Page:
With Halloween and the first days of November behind us, the Locavaux Project is celebrating two months of postproduction now under our belt! The film is slowly but surely coming along with a loose and rough sketch of the entire film to be completed in the next few weeks. There are plenty more teaser videos to come as well, so stay tuned! The reception to our first teaser was so incredibly positive, we couldn’t be more excited to give you all even more glimpses of the sounds and sights from the bus tour this summer.
As first-time filmmakers, Chase, Hallie and I have looked to a number of sources for inspiration, guidance and instruction as we edit and produce the official Locavaux Project film. With this in mind, Chase, Hallie and I gather at Chase’s cabin most Sunday evenings to watch musically-inspired documentaries.** What has become a Locavaux Crew tradition of sorts, this weekly screening helps to not only broaden our musical knowledge but also enlighten the team on how documentary film makers document, present and narrate musicians’ stories and their live music. So far, it’s been a great way for the three of us to understand and approach our own footage. Here are a few documentaries we’ve enjoyed thus far and a few on our “to watch” list that you might enjoy in the comfort of your own homes as the temperature steadily drops outside.
**Chase would most likely have me clarify that Hallie and I are not the best at gracing the weekly screenings with our presence–but when we can make the drive out to the cabin, we’re there!
Sound City (2013), Dave Grohl
Having recorded the album, Nevermind, with Nirvana years earlier at the famous recording studio, Sound City Studio, in Los Angeles, Dave Grohl returns to the now run-down studio to unearth its rich history of analogue recording and talk to the cast of characters, such as Fleetwood Mac, Rick Springfield, Neil Young, Tom Petty and Slipknot , who once recorded there.
Shut Up and Play the Hits (2012), Dylan Southern and Will Lovelace
This documentary follows LCD Soundsystem frontman James Murphy over a 48-hour period, from the day of the band’s final concert at Madison Square Garden to the morning after the show. The film features intermittent segments from an extended interview between Murphy and pop culture journalist Chuck Klosterman.
Big Easy Express (2012), Emmett Malloy
3 bands, 6 cities, and thousands of miles in between… Big Easy Express documents indie folk heroes Old Crow Medicine Show, Mumford & Sons, and Edward Sharpe and the Magnetic Zeroes after they climb aboard a vintage train in California and travel towards New Orleans, Louisiana on a “tour of dreams.”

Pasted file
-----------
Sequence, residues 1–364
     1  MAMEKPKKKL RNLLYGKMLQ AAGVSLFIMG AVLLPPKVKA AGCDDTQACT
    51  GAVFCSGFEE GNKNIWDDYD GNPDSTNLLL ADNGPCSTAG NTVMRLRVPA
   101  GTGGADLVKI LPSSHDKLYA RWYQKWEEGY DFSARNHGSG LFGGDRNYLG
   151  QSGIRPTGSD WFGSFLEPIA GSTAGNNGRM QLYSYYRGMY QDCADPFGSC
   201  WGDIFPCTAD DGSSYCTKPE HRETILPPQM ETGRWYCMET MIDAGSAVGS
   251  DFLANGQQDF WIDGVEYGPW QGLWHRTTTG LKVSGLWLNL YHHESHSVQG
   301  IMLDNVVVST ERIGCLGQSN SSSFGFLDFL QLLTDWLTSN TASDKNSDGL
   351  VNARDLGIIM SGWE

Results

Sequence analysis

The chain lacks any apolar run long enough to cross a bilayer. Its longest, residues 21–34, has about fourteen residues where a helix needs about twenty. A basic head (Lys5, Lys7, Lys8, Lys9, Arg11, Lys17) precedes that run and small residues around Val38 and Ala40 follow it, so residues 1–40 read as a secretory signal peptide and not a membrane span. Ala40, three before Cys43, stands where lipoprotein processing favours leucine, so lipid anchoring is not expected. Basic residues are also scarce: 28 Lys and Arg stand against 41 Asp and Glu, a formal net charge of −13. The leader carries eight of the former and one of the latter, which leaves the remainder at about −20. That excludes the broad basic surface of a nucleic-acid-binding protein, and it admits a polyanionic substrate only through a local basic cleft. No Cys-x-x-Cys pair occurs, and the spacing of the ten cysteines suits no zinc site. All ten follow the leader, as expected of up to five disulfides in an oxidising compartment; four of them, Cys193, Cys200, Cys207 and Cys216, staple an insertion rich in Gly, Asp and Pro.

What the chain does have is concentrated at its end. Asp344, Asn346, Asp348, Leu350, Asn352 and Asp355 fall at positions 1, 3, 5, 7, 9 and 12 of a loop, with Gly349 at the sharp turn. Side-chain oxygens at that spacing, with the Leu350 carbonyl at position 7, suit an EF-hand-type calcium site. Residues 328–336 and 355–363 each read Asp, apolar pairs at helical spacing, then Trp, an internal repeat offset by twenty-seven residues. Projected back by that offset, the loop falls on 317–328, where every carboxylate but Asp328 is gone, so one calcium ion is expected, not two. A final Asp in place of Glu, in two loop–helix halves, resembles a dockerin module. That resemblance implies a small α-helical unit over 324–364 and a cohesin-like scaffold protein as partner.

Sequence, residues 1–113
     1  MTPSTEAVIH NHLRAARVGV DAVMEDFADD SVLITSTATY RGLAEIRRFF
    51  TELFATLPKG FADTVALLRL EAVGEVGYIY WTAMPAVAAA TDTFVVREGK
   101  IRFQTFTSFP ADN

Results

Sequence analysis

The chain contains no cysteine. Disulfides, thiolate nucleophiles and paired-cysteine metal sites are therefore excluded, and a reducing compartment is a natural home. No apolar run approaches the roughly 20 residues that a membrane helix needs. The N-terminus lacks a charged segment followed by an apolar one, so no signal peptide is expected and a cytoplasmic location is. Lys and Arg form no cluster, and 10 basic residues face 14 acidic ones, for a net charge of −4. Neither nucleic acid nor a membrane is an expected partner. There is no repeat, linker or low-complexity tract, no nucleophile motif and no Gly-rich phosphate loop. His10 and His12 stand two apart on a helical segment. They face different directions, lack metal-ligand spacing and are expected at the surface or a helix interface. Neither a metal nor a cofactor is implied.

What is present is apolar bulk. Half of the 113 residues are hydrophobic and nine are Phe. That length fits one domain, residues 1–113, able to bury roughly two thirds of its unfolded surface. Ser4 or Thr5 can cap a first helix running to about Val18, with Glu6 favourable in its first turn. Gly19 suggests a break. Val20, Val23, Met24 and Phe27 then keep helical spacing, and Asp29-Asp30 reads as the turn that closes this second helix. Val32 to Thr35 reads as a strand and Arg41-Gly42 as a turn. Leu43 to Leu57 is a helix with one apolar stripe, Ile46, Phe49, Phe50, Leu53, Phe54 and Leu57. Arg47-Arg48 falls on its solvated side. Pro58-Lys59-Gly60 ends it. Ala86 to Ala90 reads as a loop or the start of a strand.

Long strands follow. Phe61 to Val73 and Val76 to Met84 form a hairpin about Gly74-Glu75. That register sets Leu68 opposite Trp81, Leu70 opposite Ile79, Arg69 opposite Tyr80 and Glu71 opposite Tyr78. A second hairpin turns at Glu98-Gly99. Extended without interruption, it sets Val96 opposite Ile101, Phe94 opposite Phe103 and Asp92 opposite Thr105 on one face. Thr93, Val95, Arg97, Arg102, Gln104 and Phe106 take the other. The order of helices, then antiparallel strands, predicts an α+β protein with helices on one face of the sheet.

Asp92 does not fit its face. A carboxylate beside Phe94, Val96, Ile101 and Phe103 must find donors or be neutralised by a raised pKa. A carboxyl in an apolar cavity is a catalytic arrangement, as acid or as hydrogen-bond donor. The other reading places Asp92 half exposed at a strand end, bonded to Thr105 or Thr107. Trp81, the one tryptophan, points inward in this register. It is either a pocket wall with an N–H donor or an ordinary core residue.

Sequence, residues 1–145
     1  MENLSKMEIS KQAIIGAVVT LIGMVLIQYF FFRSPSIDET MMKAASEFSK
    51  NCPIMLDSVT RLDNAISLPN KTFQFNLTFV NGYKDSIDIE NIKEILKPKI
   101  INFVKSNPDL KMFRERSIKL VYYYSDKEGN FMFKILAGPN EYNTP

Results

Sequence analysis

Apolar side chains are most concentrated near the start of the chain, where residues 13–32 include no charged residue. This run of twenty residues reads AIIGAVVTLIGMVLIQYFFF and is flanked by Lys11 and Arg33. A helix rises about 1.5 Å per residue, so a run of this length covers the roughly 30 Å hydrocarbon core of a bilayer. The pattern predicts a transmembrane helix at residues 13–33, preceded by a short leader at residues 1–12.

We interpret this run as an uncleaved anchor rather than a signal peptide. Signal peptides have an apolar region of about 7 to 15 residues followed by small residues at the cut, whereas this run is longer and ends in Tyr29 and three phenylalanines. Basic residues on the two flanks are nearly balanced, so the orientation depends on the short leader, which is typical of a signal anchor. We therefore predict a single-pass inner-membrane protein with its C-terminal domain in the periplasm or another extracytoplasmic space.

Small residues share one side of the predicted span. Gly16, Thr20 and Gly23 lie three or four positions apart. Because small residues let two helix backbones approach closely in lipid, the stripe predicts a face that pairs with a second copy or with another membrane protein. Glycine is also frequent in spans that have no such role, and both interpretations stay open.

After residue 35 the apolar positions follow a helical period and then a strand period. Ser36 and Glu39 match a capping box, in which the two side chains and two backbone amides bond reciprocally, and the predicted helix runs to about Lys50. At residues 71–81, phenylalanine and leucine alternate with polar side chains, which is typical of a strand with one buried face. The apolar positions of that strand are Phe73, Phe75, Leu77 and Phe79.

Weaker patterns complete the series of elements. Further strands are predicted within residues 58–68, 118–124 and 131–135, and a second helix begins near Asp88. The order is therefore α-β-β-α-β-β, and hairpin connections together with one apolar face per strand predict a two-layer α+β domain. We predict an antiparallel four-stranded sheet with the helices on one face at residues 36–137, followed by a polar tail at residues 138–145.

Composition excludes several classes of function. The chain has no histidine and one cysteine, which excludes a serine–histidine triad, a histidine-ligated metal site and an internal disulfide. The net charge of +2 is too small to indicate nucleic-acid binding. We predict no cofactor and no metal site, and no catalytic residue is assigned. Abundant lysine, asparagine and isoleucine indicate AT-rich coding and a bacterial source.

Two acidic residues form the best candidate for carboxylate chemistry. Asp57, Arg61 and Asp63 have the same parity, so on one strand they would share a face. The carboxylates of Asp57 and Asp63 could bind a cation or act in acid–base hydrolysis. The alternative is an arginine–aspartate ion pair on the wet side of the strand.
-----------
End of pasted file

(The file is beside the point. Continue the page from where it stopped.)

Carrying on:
Searching for Sugarman (2013), Malik Bendjelloul
Searching for Sugarman details the efforts of two Cape Town fans in the late 1990s, to find out whether the rumoured death of American musician Sixto Rodriguez was true, and, if not, to discover what had become of him–Rodriguez’s music, which never became popular in the United States, had become wildly popular in South Africa, but little was known of him there.
20 Feet From Stardom (2013), Morgan Neville
This film follows the personal history of backup singers and stars Darlene Love, Judith Hill, Merry Clayton, Lisa Fischer, Táta Vega, and Jo Lawry, and the world just beyond the spotlight in which they live their lives.
How to Grow a Band (2011), Mark Meatto
Filmed over a two-year period, Meatto’s documentary tells the story of how ex-Nickel Creek member Chris Thile worked his way through a divorce and made a creative leap by forming the high-regarded folk quintet, The Punch Brothers.
AKA Doc Pomus (2012), William Hechter, Peter Miller
Doc Pomus, paralyzed with polio as a child in 1920s Brooklyn, reinvented himself as a songwriter later in life, creating some of the greatest hits of the early rock and roll era. The penman for such classic songs as “Save the Last Dance for Me,” “This Magic Moment,” “A Teenager in Love,” and “Viva Las Vegas,” Doc Pomus was widely unacknowledged for his contributions to the music of the 1950s and 60s and largely unknown to the public until Hechter and Miller’s documentary, AKA Doc Pomus.
And here are a few classic music documentaries that no music buff should go without seeing: Gimme Shelter, the 1970 feature chronicling the last weeks of The Rolling Stones’ 1969 US tour which culminated in the disastrous Altamont Free Concert; No Direction Home, the 2005 Martin Scorsese film examining the life and times of Bob Dylan; Stop Making Sense, the famous concert movie by Johnathan Demme featuring the Talking Heads performing live on stage in 1983.